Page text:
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News:
Rothbury Day 1: Grateful Dead Drummer Rocks The Field
 

By GARY GRAFF
Of the Oakland Press

» See more SOUND CHECK

ROTHBURY, Mich. -- If it's a jam band festival, then a member of the Grateful Dead would certainly rank as a patron saint of the inaugural Rothbury Festival.

In that regard Mickey Hart, performing Thursday (July 3) with his latest solo band, did not disappoint. Playing 90 minutes of heavily improvised music, Hart and company had the Deadheads ecstatic and twirling up a dervish in front of the Sherwood Court stage on the festival's 200-acre site at the Double JJ Ranch.

The group -- which features keyboardist Kyle Hollingsworth, guitarist Steve Kimmock and legendary New Orleans bassist George Porter -- is still in its early stages, and at one point Hart even called out a mistake, laughing as he declared that "it's not about beginnings and endings, it's about songs and music!" The fans, however, thrived on the looseness and enthusiastically received the three new, as yet unrecorded songs (written with longtime Dead lyricist Robert Hunter) that Hart and company offered -- the Caribbean-flavored "Manilla Farewell;" the hard-rocking "Wrecking Crew;" and the spacey "Tolongo."

But the exuberance turned to rapture whenever the group cranked into Dead favorites, singing along heartily to "Fire on the Mountain," "Sugaree" and "Goin' Down the Road Feeling Bad."

Over in the Ranch Arena, Dweezil Zappa led his Zappa Plays Zappa troupe through a set that focused on his father's "Sheik Yerbouti" album, with former Frank Zappa band member and Michigan native Ray White on hand for songs such as "City of Tiny Lights," "Flakes" and "Broken Hearts are for Assholes."

Other first-night musical highlights included Michigan roots band Greensky Bluegrass' rendition of Pink Floyd's "Breathe," hot sets from the Disco Biscuits and Perpetual Groove -- whose delivery of "Three Weeks" was jaw-droppingly fierce -- and late-night dance parties by EOTO and DJ Roots.



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Thursday was a truncated day on the Rothbury schedule, with the main Odeum stage dark and performances not starting until early evening to allow festival goers to arrive and situate themselves in the camping area. The gates to the festival ground finally opened around 5 p.m., and before hitting the stages fans discovered interactive sculptures and several special areas such as the Tripolee Domes, where they could dance in and climb on three geometric structures.

The big hit, however, was Sherwood Forest, a wooded area that led to the festival's two main stages. Trees were wrapped in glitter paper, hammocks were hung between them, and orange, pumpkin-like structures and other decorations and lightings made for a unique chill-out area as well as a discreet setting for some of the festival's more illicit activities.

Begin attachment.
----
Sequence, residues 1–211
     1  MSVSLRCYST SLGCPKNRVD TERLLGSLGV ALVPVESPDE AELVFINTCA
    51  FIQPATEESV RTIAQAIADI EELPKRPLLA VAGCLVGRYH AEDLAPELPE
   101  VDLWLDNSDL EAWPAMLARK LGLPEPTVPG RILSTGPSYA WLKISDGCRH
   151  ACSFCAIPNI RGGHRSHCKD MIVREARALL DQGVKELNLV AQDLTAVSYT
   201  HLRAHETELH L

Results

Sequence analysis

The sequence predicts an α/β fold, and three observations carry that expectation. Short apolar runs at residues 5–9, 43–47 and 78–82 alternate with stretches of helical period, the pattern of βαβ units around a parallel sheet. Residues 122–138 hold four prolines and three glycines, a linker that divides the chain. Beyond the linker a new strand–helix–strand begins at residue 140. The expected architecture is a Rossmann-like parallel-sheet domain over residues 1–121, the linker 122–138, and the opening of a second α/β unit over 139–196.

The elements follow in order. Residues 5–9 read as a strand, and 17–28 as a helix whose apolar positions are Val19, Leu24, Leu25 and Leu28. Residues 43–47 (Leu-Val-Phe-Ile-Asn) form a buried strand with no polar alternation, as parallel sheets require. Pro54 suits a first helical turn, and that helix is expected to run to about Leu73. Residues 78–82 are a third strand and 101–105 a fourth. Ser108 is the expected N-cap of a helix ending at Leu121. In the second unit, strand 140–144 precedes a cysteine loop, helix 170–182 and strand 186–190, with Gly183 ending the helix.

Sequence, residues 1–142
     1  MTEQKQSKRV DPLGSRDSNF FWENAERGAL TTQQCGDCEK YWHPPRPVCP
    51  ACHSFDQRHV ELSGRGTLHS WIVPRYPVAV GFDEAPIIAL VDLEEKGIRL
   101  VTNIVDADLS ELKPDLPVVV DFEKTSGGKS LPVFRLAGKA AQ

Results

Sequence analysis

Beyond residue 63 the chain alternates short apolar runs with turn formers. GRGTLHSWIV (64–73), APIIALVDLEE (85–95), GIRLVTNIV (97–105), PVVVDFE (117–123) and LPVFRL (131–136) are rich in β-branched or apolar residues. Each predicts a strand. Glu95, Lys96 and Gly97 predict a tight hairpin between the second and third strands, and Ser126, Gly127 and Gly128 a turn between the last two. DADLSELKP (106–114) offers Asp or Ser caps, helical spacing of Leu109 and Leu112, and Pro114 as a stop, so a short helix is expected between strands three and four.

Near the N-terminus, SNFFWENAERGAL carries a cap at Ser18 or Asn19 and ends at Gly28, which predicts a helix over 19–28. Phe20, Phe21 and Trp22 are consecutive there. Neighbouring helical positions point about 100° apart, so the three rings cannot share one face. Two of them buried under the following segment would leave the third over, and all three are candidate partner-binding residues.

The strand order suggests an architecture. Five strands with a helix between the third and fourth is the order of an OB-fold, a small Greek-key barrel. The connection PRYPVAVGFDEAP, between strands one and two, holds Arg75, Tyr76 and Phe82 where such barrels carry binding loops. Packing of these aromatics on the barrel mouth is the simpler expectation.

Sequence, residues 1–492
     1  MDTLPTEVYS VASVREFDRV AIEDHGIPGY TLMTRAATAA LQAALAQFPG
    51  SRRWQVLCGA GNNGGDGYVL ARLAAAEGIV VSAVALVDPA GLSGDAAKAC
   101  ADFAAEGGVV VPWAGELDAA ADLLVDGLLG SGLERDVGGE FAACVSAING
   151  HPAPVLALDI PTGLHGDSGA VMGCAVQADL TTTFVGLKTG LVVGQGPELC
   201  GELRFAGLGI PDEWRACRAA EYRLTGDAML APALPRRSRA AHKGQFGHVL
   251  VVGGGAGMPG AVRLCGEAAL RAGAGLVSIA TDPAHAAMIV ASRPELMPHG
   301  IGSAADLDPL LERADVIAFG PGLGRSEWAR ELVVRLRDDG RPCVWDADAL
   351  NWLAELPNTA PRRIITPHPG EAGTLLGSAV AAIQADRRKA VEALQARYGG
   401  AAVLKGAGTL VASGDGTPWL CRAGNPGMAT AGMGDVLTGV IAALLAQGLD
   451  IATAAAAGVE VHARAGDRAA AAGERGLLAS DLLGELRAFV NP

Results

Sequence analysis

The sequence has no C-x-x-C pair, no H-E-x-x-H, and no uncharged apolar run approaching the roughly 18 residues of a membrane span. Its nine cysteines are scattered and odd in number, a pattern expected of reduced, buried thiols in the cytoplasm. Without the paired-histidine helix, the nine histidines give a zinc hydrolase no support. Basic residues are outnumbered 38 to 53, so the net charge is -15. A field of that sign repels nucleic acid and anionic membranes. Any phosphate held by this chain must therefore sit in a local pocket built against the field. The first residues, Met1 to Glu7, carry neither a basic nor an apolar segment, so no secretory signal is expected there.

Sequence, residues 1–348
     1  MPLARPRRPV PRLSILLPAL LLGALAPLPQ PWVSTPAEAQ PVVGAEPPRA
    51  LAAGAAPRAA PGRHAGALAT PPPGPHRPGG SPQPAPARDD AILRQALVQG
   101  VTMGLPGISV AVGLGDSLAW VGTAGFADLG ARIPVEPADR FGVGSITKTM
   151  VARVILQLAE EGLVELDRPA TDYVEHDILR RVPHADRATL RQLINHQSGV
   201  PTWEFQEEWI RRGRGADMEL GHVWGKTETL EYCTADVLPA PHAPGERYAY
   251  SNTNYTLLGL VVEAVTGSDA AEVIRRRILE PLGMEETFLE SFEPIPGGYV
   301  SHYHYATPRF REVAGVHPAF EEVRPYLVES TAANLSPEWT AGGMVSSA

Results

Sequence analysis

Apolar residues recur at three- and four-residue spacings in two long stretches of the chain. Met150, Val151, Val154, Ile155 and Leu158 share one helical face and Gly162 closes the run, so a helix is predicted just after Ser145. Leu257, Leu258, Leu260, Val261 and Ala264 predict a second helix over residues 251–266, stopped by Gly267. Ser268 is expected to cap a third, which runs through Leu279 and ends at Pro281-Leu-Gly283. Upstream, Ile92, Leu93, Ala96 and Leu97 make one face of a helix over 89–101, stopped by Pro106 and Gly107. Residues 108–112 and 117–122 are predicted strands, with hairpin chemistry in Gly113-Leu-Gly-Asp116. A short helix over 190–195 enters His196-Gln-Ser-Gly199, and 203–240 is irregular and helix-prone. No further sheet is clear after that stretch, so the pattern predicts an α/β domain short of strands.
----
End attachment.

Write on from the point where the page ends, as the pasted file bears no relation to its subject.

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Out in the camp grounds Thursday, a group of fans from North Carolina sat around by their tents, some selling jewelry, artwork or decorative rocks to help allay the cost of their trip to Rothbury. Turned out they were students at Appalachian State University, returning to the state where their football team had the greatest victory -- an upset of Michigan last September -- in school history.

"Oh, we'll talk about it all you want, dude," said a smiling Erik Forsell, 21. "When we played them they were saying 'Where's Boone (N.C.). Now we say, 'Where's Ann Arbor?' "

"But," he added, "it's just fun. We're all here to have a good time."



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Keith Barker of St. Louis is a strong candidate for father of the year.

For his son's high school graduation, he promised a road trip. Then HE came up with the idea of going to Rothbury. "I said get three friends and let's go...," said Barker, 50, while lounging by the quartet's tent before the Rothbury gates opened on Thursday.

Barker said that attending the festival "flashes back to my youth," although he has a taste for Rothbury headliners such as the Dave Matthews Band and John Mayer. "And there's some singer-songwriters I want to check out, too, like Brett Dennen and Both Orton. I still like to find some (artists) i don't know a lot about."

Send your thoughts and comments to Gary Graff

 



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